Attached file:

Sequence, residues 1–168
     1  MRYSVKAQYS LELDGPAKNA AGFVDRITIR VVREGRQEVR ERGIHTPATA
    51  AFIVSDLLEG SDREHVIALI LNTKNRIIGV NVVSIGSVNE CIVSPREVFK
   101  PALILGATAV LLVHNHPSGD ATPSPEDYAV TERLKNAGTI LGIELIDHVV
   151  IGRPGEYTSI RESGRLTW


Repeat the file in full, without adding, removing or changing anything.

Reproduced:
Sequence, residues 1–168
     1  MRYSVKAQYS LELDGPAKNA AGFVDRITIR VVREGRQEVR ERGIHTPATA
    51  AFIVSDLLEG SDREHVIALI LNTKNRIIGV NVVSIGSVNE CIVSPREVFK
   101  PALILGATAV LLVHNHPSGD ATPSPEDYAV TERLKNAGTI LGIELIDHVV
   151  IGRPGEYTSI RESGRLTW